NO HOLES BARRED BY JOE CERAR JR.
} Modifying the BallSurface: Pro Ideas
IF YOU’VE EVER wanted to see what a “No Holes Barred” ball test session looks like, you now have the opportunity. Bowlers Journal interactive, the online com- plement to Bowlers Journal International, now includes video from recent test sessions. Look for BJi in your email around mid-month. I’m also told that BJI’s webmaster has been working diligently to update the
ball review archives on BowlersJournal.com
. If you’re looking to compare and contrast balls in your arsenal, or if you’re in the market to fill a perceived hole in that arsenal, there’s no better research vehicle than those archives. Now, let’s conclude our series of ball-related Q&As with three noted pros...
Do you modify your ball surfaces regularly, or use a ball with one surface only?
Mike DeVaney: “My ball surfaces are always in a state of modification.” Chris Barnes: “I try to keep the balls that roll good with the same surface on them, as much as possible. However, in today’s world of international travel, I’m not able to take multiple versions of the same ball with me, so I change them much more often to suit the conditions I’m on at the time.” Scott Norton: “For the same reason I like the pin below my fingers, I gener- ally prefer 1000 to 2000 [grit sanding] on the ball. Depending on the de- mands of the condition, I like to keep a fresh surface on the ball each time I start a new set.”
Each month, bowlers journal interactive will reprint the BJ ball review by Joe Cerar. This issue also includes video demonstrations featuring one or more of the tested balls.
TIPS AND TRICKS TO MAKE YOU A BETTER BOWLER
THE TESTING This month, ball testing was performed at Classic Lanes and Olympic Lanes in Milwaukee. We were able to test on both AMF SPL and Brunswick Anvilane synthetic lane surfaces. Our test patterns included the USBC White and the PBA Viper. We also bowled on fresh and bro- ken-down typical house shots at both centers. My test staff included Scott Stolz and Matt Duty. Our rev rates range from 300 to 450, with ball speeds between 16- and 19-mph. All three of us can change our tilts and axis rotations to modify roll characteristics.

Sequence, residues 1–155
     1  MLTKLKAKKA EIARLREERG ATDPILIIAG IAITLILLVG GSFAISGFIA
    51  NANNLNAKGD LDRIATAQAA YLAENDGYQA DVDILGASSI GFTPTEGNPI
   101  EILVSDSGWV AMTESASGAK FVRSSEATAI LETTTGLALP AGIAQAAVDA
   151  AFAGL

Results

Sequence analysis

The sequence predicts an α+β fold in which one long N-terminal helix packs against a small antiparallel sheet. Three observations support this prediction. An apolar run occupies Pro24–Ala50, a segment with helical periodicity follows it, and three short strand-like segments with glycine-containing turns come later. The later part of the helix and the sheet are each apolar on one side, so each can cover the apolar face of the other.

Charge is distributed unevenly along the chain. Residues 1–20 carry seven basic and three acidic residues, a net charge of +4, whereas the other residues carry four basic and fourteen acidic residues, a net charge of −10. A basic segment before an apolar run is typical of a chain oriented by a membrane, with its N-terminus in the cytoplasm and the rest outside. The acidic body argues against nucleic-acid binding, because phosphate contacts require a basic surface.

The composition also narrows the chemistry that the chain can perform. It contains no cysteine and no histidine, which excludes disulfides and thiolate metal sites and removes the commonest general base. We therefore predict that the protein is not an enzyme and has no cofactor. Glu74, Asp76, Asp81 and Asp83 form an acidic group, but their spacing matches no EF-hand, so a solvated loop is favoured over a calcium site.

HOOK POTENTIAL 35-45: Balls with lower total hook ranges, best suited for lighter oil concentrations. Players with slower speeds or higher rev rates may also prefer balls in this range for medium oil ap- plications. 45-51: Balls with medium hook ability, best suited for the vast majority of “typical house
shots” and some lower-volume Sport patterns. This hook range should be represented by the “centerpiece” ball in most arsenals. 51-60+: Balls with greater total hook, designed for heavier oil volumes. Players with higher speeds or lower rev rates, who need added lane traction, may also prefer balls in this range.
LENGTH RATINGS 8-12: Earlier rolling balls that read the lane sooner. These products generally come factory- sanded with lower grit surfaces, and match up well with speed-dominant styles and those bowling on longer patterns. 12-15: Medium-length balls that produce easier length through the midlane. Good for most house shots and medium-volume Sport patterns. 15-19+: Balls off ering extra length for those bowling on lighter oil concentrations. Also ben- efi cial for slower speed players, or those with higher rev rates needing added push downlane.
BREAKPOINT SHAPE 10-13: Slower-response balls that read the friction areas more gradually. This range may in- clude balls with a urethane or mild reactive cover, designed for a smooth arc to the pocket. Can also help those with higher rev rates control motion and match up well from outside angles of attack. 13-15: Balls rated for slightly stronger and quicker reactions when encountering friction ar- eas (as when the ball leaves the oil pattern). This range off ers a balance of control and back- end angularity. 15-18+: Balls that respond more quickly and aggressively to friction areas. This range can help those with less hand action create more angularity near the pocket. Also preferred when playing deeper inside angles, which generally require more entry angle for above-average pin carry.
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